Effects of a nurse practitioner on a multidisciplinary consultation team

Authors

  • Corry K. Van Der Sluis,

    1. Corry K. van der Sluis MD PhD Consultant in Rehabilitation Medicine Centre for Rehabilitation, University Medical Centre Groningen, and Assistant Professor Share Graduate School, University of Groningen, the Netherlands
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  • Linetta Datema,

    1. Linetta Datema MSc Junior Researcher Centre for Rehabilitation, University Medical Centre Groningen, the Netherlands
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  • Ingrid Saan,

    1. Ingrid Saan MA ANP Nurse Practitioner Centre for Rehabilitation, University Medical Centre Groningen, the Netherlands
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  • Dennis Stant,

    1. Dennis Stant PhD Methodologist/Psychologist Department of Epidemiology, University Medical Centre Groningen, the Netherlands
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  • Pieter U. Dijkstra

    1. Pieter U. Dijkstra PhD Senior Researcher Centre for Rehabilitation, University Medical Centre Groningen, and Assistant Professor Share Graduate School, University of Groningen, the Netherlands
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C.K. van der Sluis: e-mail: c.k.van.der.sluis@rev.umcg.nl

Abstract

Title. Effects of a nurse practitioner on a multidisciplinary consultation team.

Aim.  This paper is a report of a study to evaluate the impact on office hours capacity, patient satisfaction, quality of life and costs of including a nurse practitioner in a multidisciplinary consultation team for patients with hand problems caused by rheumatoid arthritis.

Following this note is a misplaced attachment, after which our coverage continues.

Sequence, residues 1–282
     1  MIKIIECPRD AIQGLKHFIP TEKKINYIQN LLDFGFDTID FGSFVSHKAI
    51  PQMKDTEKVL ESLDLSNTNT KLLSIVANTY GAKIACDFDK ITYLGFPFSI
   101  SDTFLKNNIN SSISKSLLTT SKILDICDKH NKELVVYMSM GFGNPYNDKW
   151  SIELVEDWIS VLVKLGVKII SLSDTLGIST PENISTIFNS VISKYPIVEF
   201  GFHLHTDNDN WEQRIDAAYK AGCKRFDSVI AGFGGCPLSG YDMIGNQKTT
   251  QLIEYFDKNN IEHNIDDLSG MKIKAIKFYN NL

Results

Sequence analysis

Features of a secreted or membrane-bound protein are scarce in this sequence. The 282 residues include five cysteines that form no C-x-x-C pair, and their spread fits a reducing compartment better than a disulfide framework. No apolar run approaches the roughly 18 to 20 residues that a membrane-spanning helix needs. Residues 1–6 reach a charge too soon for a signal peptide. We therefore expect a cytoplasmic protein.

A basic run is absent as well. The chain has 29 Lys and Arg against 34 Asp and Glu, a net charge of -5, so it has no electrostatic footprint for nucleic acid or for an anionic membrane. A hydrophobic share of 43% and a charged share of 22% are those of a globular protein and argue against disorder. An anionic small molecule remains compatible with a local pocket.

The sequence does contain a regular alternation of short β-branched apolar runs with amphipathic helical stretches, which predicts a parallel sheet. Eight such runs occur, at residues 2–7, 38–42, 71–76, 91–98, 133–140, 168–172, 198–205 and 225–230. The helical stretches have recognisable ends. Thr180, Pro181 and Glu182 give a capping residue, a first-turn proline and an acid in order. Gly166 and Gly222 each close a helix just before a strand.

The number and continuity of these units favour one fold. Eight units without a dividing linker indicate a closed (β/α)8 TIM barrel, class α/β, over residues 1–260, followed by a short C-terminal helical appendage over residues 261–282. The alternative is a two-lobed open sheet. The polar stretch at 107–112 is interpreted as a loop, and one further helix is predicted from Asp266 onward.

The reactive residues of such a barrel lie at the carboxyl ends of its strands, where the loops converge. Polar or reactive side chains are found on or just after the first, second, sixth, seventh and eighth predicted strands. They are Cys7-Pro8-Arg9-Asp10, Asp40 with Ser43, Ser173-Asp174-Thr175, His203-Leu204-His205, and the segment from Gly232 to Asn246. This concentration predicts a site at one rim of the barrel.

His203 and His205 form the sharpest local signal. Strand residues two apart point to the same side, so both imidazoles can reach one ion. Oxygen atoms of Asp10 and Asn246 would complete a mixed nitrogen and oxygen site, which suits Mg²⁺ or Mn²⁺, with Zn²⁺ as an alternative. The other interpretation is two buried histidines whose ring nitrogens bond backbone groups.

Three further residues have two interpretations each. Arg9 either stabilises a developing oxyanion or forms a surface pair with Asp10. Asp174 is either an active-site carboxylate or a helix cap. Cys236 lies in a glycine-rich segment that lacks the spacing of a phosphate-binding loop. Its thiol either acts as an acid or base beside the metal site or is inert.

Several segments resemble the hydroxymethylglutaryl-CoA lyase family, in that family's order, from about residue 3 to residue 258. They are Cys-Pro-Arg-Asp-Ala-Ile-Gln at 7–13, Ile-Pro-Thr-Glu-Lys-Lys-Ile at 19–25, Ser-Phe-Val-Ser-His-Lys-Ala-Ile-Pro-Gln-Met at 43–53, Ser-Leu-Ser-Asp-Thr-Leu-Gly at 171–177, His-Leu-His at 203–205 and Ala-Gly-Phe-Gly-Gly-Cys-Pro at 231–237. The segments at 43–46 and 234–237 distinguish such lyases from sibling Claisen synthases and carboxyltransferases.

Background.  Over 90% of patients with rheumatoid arthritis suffer symptoms in their hand joints and may be seriously disabled in performing daily, work or leisure activities. A recent promising development in the treatment of patients with a chronic disease is the co-ordinating and accompanying role of a nurse, such as a nurse practitioner, in a multidisciplinary treatment team.

Methods.  A two successive group time-series design was adopted. The intervention group (n = 78) visited a clinic with a nurse practitioner assigned to the team during 2003–2004. The control group (n = 69) was seen before inclusion of the nurse practitioner. Office hours capacity, patient satisfaction, quality of life and costs were assessed using questionnaires directly after consulting the team, and 3 and 6 months later.

Results.  Between-group comparisons of patient satisfaction and quality of life revealed no statistically significant differences. Changes within groups over time were not demonstrable. Mean office hour capacity increased by 17% (t = −1·906, d.f. = 32·879, P = 0·065). The costs for professional home care or informal care were equal in the two groups.

Conclusion.  Evaluation of clinical practice using pre- and post-test design was impeded by changes in clinical practice, which made concrete conclusions difficult to draw. In future studies the satisfaction of participating clinicians should be evaluated, in addition to that of patients.

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